B2. Right click the new file, choose edit.

If there is not an edit option on the context menu, choose open with... and then choose notepad. DO NOT tick for 'always open with Notepad' or you will break a lot of shortcuts on your system.

B3. In the line that starts 'bash', change the -i so that the whole line now reads

bash --login -c X -multiwindow

Note that in Unix fashion, case may matter here! The X is uppercase, everything else lowercase.

B4. Save & exit the editor/notepad

B5. Test the new file by clicking or double clicking on it (depending on your windows settings). A text window appears, and shortly after a vacant X window should appear on the screen. This has a course grey background and a mouse pointer that looks like an X. You will also see an X icon in the system tray.

Tip: the title bar of the X window obeys windows mouse behaviour. Anything inside the X window obeys linux mouse behaviour.

B6. Close the X window for now using the normal windows close button.

Tip: note that you can also close the X window, including by mistake :-( if you close the text window that is associated with it

B7. Right-drag the new file to your desktop or the start button and select 'create shortcut here' in order to have a handy icon to click on to start X.

B8. (For convenience only) Right click on the new shortcut, and select Run minimised so that you don't see the cygwin window.

B9. (Cosmetic) While in the properties, change the icon for the shortcut. Click change icon, then browse. Navigate to the cygwin folder, then into the bin directory, and select the file Run. Choose one of the X icons in that file. Keep selecting OK till the property sheet closes. A few seconds later (depending on how fast your win box is) the icon will change.

Test the new icon.

C. Install Putty

C1. Go to http://www.chiark.greenend.org.uk/~sgtatham/putty/mirrors.html and click on the nearest mirror from the list. With the Putty mirros I have found the http mirros to be more reliable than ftp, and it is only a small file so it does not make a lot of difference.

C2. On the front page of the mirror, click downloads.

C3. Right click putty.exe and save target directly into the program files folder. Putty does not need any installation, the download is the program.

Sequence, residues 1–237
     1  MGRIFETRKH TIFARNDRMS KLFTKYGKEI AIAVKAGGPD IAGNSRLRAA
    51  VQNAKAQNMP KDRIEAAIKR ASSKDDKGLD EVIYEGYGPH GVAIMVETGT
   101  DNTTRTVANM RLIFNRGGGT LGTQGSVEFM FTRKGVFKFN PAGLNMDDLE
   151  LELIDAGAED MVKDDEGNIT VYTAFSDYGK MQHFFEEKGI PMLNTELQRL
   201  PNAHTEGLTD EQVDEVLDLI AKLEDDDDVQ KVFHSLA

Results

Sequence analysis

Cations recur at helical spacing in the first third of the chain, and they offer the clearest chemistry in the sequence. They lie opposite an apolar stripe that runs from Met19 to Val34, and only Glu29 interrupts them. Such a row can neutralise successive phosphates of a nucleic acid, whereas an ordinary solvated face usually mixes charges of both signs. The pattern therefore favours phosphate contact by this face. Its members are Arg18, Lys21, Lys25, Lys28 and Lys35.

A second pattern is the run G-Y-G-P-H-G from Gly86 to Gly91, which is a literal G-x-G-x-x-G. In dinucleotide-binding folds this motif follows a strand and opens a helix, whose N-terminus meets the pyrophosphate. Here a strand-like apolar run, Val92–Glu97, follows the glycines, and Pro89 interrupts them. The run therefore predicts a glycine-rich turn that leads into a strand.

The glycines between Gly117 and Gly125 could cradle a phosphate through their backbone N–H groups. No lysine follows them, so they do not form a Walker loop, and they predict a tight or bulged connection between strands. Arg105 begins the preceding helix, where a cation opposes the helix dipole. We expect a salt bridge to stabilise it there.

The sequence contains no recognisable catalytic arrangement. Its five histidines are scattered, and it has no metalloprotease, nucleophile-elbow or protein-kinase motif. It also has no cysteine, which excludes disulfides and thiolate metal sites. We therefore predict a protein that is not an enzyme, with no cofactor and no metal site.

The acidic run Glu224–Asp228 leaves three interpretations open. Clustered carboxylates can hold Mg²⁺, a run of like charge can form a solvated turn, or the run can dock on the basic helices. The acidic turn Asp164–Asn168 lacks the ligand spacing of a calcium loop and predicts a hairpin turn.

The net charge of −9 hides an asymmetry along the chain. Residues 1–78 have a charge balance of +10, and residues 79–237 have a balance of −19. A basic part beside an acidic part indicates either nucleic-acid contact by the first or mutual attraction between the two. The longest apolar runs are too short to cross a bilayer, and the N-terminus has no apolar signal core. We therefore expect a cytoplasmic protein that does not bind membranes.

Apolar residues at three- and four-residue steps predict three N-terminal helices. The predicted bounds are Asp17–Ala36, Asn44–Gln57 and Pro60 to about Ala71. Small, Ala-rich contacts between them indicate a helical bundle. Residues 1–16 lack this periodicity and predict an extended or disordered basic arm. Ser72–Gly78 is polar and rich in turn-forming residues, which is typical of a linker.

Tip: don't try to run Putty over your LAN. Copy the .exe across.

C4. Create a shortcut from the downloaded program to the desktop, start button, etc.

D. Create named session & test SSH command line via Putty

D1. Start Putty.

D2. You enter Putty at the Config screen. Enter the IP address or name of the target conmputer. (Names only work if you have got DNS runing locally, or have got windows networking and Samba going, or have edited the etchosts file. Each of these options is outside the scope of this tutorial).

D3. Select the SSH radio button.

D4. Enter a name for this session in the Saved Sessions box. I'm going to call it tux, after the Linux mascot.

D5. Click save.

D6. Click open

D7. You should connect to your linux box and be prompted for username & password. You will be warned that this is the first time you have connected to this remote box. Login. Type date to check that the basic login is working. Logout.

Disclaimer: if you can't part D to work, then by all means post questions here in the hope that others will answer, but it is unlikely that I will have time to do so. Some ideas to get you started are

You probably would need to be directly connected to the Linux box to sort it out. It might be worth consulting the docs for your Linux distro to find out how to enable ssh sessions. You might trh installing the ssh package, or installing sshd, and check the config files for sshd which may be at /etc/ssh/sshd_config. You might then ask on the forums for your Linux distro.

E. Configure Putty & Linux to talk using X11

E1. Open Putty again.

E2. Highlight tux in the list of saved sessions, and click load.

E3. In the left hand pane, click the + to see the contents of the connection items, and click the + to see the contents of the SSH item. Under connection/SSH is X11, click this. Tick the checkbox 'Enable X11 forwarding'

E4. Click Session in the left hand pane, click save to save the new config.

E5. Click Load.

E6. Login.

E7. Right click on the Putty title bar, or on the Putty button in the task bar. click on Event Log.

E8. In the event log, scroll down and look for a line saying Requesting X11 forwarding. If this line is missing, you didn't select or save the X11 setting at E3/E4.

E9. The next line in the event log will tell you whether the X11 connection was accepted or refused by the Linux box. If it was accepted, skip ahead to E17

E10. Assuming the X11 connection was refused (as is usual for the default settings in most distros), you now need to give yourself root or superuser privileges on the Linux box.

From most Linux installations, ie ones that have a separate root user, you'd type

su -

and then enter the root password when prompted. From a 'rootless' distro like Ubuntu you use the command 'sudo', but I am not sure of the exact syntax. Suggestions welcome.